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Eye on Ethics: Protecting Client Records
By Frederic G. Reamer, PhD
Social Work Today
Vol. 23 No. 1 P. 30

Over the years, I‘ve been a formal ethics consultant or “expert witness” in many litigation and licensing board cases involving social workers. In litigation cases, plaintiffs (the party who filed the lawsuit) typically allege that the social worker was negligent by providing substandard services, violating professional boundaries, or disclosing confidential information without authorization, among other claims. In licensing board matters, complainants (the party who filed the complaint) allege that the social worker violated ethics standards adopted by the board. These may include standards drawn directly from the NASW Code of Ethics or standards established by the board.

Attorneys representing the social worker, the plaintiff, or the licensing board typically ask me to review relevant documents. The documents may be produced by the social worker or other parties voluntarily or in response to a subpoena or court order. Usually, these documents include some combination of clinical and progress notes, correspondence, billing records, supervision and consultation notes, and what has become known as electronically stored information, such as emails and their attachments, text and instant messages, voicemails, information stored in databases and electronic records, and electronic records of online activity, such as social media postings. Electronically stored information may be retrieved from many sources, including computer hard drives; agency or organization servers; thumb (USB) drives; databases; the cloud (servers that are accessed over the internet, and the software and databases that run on those servers); mobile devices, such as mobile phones and tablet computers; and social media websites, such as Facebook, Twitter, and LinkedIn.

Responding to Subpoenas
Social workers often receive records and document requests by subpoena. Responding to subpoenas in an ethical manner is critically important to protect clients and practitioners. The stakes are high when social workers respond to subpoenas, given the sensitive and adversarial nature of the information sought.

A subpoena is a written document issued by a court clerk or officer of the court (such as an attorney) that commands a person to appear in court at a specific place and time or produce specific documents. While it may appear to be a court order and looks official, it typically is not signed by a judge and is not the same as a court order. Social workers can be subpoenaed in two different ways. A subpoena ad testificandum, also known as an ordinary subpoena, literally means “to testify under penalty.” It commands a person to appear at a particular location to give testimony. The most common use of a subpoena is to require a witness to attend a deposition or trial.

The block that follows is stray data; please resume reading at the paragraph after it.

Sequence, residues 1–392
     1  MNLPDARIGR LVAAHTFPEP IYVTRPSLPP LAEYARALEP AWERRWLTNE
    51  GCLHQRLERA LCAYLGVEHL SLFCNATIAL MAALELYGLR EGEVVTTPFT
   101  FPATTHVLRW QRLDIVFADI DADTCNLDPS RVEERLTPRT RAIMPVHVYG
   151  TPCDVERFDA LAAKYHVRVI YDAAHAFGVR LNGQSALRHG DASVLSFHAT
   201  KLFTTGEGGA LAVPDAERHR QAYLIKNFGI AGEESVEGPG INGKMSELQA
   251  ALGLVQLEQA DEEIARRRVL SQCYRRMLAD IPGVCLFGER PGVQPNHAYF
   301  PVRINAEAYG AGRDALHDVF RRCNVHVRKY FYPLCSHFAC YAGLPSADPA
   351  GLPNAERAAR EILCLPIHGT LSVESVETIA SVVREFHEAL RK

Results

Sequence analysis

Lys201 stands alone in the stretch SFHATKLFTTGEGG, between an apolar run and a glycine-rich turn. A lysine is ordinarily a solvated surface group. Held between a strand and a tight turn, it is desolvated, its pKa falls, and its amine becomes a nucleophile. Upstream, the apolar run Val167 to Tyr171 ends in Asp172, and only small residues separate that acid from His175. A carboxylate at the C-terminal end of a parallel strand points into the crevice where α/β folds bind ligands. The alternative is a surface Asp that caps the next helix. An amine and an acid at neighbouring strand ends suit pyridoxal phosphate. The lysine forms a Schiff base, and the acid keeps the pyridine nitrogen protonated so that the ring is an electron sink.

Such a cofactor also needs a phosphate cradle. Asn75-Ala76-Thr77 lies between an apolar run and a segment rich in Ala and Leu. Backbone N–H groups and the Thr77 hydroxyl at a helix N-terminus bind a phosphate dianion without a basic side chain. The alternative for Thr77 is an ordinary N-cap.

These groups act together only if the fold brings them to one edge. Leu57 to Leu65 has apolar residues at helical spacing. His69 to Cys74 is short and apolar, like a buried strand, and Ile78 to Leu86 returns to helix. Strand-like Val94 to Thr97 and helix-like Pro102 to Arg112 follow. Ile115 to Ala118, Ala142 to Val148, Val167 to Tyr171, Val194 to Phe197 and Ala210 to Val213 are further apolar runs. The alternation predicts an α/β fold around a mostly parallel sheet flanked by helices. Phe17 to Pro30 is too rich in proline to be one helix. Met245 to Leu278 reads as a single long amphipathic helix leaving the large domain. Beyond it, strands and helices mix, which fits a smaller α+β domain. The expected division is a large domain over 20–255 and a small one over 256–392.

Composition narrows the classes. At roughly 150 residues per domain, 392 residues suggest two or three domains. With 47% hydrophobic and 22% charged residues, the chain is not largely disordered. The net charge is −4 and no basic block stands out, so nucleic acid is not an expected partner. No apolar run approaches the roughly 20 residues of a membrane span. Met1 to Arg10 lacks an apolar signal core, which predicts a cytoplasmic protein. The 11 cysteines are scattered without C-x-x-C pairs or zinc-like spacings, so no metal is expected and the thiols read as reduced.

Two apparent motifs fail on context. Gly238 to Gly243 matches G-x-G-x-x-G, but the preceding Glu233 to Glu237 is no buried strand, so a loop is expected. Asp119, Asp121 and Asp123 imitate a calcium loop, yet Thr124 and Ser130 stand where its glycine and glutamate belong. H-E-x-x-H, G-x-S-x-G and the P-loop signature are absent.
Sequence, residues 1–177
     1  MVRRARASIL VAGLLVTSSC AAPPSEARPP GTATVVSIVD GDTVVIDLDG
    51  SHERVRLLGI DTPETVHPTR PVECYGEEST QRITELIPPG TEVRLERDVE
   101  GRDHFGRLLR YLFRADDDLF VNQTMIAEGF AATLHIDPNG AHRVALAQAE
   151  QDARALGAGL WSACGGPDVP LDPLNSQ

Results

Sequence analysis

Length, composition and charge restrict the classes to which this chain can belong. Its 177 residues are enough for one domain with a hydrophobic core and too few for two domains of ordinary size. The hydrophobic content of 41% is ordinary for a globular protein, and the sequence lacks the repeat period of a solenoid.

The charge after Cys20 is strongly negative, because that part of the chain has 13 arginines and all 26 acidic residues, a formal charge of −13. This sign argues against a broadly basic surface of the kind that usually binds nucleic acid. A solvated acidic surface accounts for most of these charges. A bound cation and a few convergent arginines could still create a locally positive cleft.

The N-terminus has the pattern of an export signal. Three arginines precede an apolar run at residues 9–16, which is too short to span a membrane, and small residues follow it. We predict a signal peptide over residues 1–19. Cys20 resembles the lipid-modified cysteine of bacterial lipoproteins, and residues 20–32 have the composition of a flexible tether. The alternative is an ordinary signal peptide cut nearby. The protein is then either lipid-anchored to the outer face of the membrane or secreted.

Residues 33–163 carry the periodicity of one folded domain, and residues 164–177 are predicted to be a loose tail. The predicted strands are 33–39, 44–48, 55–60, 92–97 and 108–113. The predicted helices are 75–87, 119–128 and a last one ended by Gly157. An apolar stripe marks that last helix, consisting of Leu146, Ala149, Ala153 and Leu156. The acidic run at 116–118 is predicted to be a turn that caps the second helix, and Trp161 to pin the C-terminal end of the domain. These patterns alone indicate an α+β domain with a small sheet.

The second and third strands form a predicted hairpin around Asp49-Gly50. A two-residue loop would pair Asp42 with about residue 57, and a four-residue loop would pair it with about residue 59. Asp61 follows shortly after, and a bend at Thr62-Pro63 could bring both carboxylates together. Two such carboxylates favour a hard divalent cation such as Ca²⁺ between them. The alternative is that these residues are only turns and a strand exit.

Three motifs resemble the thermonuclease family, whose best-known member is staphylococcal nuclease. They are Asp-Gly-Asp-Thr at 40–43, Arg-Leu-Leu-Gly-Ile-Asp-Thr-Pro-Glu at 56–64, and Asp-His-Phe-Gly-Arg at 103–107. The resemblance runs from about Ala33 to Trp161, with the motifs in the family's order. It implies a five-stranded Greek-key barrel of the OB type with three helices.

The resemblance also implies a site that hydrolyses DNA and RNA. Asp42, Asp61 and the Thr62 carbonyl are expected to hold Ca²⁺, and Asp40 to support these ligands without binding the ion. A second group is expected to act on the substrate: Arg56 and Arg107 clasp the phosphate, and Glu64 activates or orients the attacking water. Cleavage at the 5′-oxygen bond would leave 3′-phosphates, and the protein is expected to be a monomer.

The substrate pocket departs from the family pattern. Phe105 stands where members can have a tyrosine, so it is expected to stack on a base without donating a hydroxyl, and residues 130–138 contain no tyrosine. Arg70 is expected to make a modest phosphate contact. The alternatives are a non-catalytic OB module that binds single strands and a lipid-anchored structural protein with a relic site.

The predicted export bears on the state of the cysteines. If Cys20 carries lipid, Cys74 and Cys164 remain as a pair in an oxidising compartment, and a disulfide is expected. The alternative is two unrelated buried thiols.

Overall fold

A subpoena duces tecum, also known as a subpoena for production of evidence, literally means “bring with you under penalty.” It commands a person to appear at a particular location to bring a specified item, such as a client’s clinical record or copies of digital or electronic communications, for use or examination in a legal proceeding. A subpoena duces tecum is used most often in civil lawsuits when one party to a lawsuit seeks production of documents from a third party during the pretrial discovery process. If a court is convinced that the document request is legitimate, it can order the production and disclosure of documents.

Contrary to many social workers’ understanding, a legitimate response to a subpoena is to argue that the requested information should not be disclosed or can be obtained from some other source. A subpoena itself does not require a practitioner to disclose information. Instead, a subpoena is essentially a request for information, and it may be without merit. Social workers who are subpoenaed should immediately notify their clients and ask them whether they want to sign a release-of-information form or contest the subpoena in court.

If social workers believe that a subpoena is inappropriate (for example, because it requests information that state law considers privileged), they can arrange for a lawyer to file a motion to quash the subpoena, which is an attempt to have the court rule that the request contained in the subpoena is inappropriate. A judge may issue a protective order explicitly limiting the disclosure of specific privileged information during the discovery phase of the case. (Discovery is a pretrial procedure by which one party obtains information—facts and documents, for example—about the other). In addition, practitioners, perhaps through a lawyer, may request a review by the judge in camera (in the judge’s chambers) of records or documents that they believe should not be disclosed in open court. The judge can then decide whether the information should be revealed in open court and made a matter of public record. These various steps are clearly consistent with the NASW Code of Ethics: